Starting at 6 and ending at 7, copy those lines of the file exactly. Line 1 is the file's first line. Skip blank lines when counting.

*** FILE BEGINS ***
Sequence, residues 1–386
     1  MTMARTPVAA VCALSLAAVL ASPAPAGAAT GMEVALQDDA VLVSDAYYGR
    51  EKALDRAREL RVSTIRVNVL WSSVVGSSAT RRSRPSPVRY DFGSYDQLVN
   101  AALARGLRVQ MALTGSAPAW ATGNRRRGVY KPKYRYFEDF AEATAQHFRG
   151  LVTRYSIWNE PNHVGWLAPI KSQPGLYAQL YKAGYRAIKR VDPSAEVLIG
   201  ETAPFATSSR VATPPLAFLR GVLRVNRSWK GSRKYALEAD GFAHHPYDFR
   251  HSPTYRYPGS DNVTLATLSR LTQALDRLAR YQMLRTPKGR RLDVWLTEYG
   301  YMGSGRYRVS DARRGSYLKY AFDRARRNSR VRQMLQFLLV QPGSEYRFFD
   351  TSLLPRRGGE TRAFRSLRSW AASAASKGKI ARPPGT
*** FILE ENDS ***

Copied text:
   201  ETAPFATSSR VATPPLAFLR GVLRVNRSWK GSRKYALEAD GFAHHPYDFR
   251  HSPTYRYPGS DNVTLATLSR LTQALDRLAR YQMLRTPKGR RLDVWLTEYG